Yes you have to adjust the settings at times for different sources or albums but you would likely have to do that with a Loki or any tone control piece.

Plenty of good reviews on the Black Ice and even a thread in this forum.


     Yes, the old loudness controls boosted both the bass and treble to compensate for the Fletcher-Munson curve reality of human hearing.

    Strange, but this is also one of the 1st qualities I noticed with all the high quality class D amps I've owned.  The bass, midrange and treble balance seemed to be properly balanced to me no matter the volume.  YMMV?  Not sure.

I had tried a Loki. It does what it says it does. If you can flip the bypass on/off and settle on a loudness profile, you'll be overjoyed.

I kept fiddling and it drove me crazy :-)

Also, in bypass mode, its pretty hard to discern its actually there.... which is a good thing

mijostyn: Yes, I’m aware that old loudness controls boosted both bass & treble, and that the F-M curves justify that.

I read many years ago that the treble boost is questionable. I can’t remember where I read that, so I can’t cite a source. I will say, my subjective experience is that boosting the bass provides most of the benefit. My preamp has a treble control, & I’ve never felt the need to boost treble as volume decreases.
Mike, if you look at the Fletcher Munson curves the boost in treble is pretty high up and is less noticeable than the bass boost which is in a part of the range that is very obvious. So you are right in that the obvious part of loudness correction is in the bass but if you could AB curves you would note that the curve with the treble boosted correctly sounded more natural. 
You have to love Amazon. 
 1 day shipping and I am trying out the Loki.
 First impression as I listen to my first lp.
Yeah, I think this will work just fine.
 It is subtle but effective. 
 Not hyped and overblown.
 I will see how this goes.
 Thank you to those who had input.
I have been listening with the Loki for 2 days and I am completely impressed with it.
 I can now listen at the 3 o'clock position and get full sound.
 So satisfied and thanks to those that suggested it.
Funny how some time with a piece will really change your mind. 
 I yanked that Loki out.
It really does get in the way of the music. 
It was neat at first ramping up the bass. 
But it got old after about a week. 
 Thanks for the suggestions. 
Lowering the vta actually fixed most of the thin sound.
Get a phono pre with a volume control that has extra gain or head room for your cartridge. I have a Parts Connextion modded PS Audio GCPH in a second system with a Soundsmith cartridge that works great together plenty of authority and detail and a remote to boost gain for thin recorded albums. I am breaking it down and selling of the gear if interested in the GCPH.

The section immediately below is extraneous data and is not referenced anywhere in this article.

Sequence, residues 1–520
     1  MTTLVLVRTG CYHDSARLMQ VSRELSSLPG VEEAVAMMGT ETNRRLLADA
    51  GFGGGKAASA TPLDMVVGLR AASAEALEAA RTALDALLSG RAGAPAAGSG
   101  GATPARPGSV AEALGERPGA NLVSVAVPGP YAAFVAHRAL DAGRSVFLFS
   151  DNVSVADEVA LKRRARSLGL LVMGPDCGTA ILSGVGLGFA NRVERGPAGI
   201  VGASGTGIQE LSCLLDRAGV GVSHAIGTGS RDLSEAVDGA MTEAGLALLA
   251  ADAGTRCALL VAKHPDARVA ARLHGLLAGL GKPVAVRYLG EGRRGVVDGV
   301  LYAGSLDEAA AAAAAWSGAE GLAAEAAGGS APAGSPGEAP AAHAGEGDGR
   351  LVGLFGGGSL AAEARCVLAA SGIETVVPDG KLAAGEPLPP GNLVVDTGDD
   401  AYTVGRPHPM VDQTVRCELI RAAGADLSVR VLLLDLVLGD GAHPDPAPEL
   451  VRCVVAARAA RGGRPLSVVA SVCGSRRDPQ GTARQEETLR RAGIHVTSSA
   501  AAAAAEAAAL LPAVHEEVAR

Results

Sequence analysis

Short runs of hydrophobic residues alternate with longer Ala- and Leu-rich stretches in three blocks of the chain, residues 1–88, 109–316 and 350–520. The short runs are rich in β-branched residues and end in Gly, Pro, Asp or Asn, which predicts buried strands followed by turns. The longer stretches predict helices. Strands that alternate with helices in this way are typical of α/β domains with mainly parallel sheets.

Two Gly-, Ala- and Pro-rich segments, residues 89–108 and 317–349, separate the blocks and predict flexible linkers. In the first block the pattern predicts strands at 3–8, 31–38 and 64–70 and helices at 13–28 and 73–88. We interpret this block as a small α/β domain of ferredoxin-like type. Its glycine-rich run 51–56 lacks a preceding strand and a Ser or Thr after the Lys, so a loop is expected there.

As Scott has noticed it is not easy to do this in the analog realm. It can only be right at one volume and analog filters can play havoc with things like imaging. For decades the best preamps avoided tone controls and loudness switches. None of us would give an equalizer a first look never mind a second one. But with digital this has changed in a big way. As long as the sampling rate and bit depth are up there the benefits far out weigh the detriments. Analog guys have a tendency to be digiphobes. 
I think this is unfortunate. 
You can get reasonably close with a Schiit Loki.

You can do this all in Roon with a DSP preset.


I think the Loki is brilliant if used with discretion...I use mine rarely but when something needs help it works, and really stays out of the way when switched out.
     Wasn’t Loki the name of Ragnar’s troubled shipbuilder friend on the tv series Vikings?
     That guy was a bit quirky and the Schiit Loki apparently is capable of behaving similarly.
     Wait a minute, uh-oh. Now I remember, his name was Floki, not Loki. Oh well, with quotes like this:“The space between life and death, that’s where we are the most alive.” Floki “, it’s probably best it’s not named the Schiit Floki.

     You may find more relevant wisdom in another Vikings character’s quote: "Always remember to finish off your opponent, if you can. No man ever ran away with his entrails hanging to his knees, or his head cut off.” Rollo “
     Perhaps your opponent is a lack of high quality bass in your system and room.  Your ally/solution could be as simple as a good quality class D amp or a pair of good quality subs with a remote.

Tim, I'm all for the subs but since when is Class D the harbinger of good bass? Or good anything for that matter? 
mijostyn:"Tim, I’m all for the subs but since when is Class D the harbinger of good bass? Or good anything for that matter?"

Hello mijostyn,

     I mentioned this on one of my earlier posts. Here’s a copy of what I stated on that post:
" Yes, the old loudness controls boosted both the bass and treble to compensate for the Fletcher-Munson curve reality of human hearing.

     Strange, but this is also one of the 1st qualities I noticed with all the high quality class D amps I’ve owned. The bass, midrange and treble balance seemed to be properly balanced to me no matter the volume. YMMV? Not sure."

     This quality I clearly noticed very early on in listening to the first class D amp I ever used in my system, a Class D Audio SDS-440-CS stereo amp. At that time about 4-5 years ago, my system consisted of a VTL 2.5L preamp swapped out with a set of 4 NOS Mullard tubes, an Oppo 105 as a source for playback of CD/SACD discs with an attached Synology hard drive storage unit for hi-rez FLAC music file playback using the Oppo as a DAC and Magnepan 2.7QR speakers.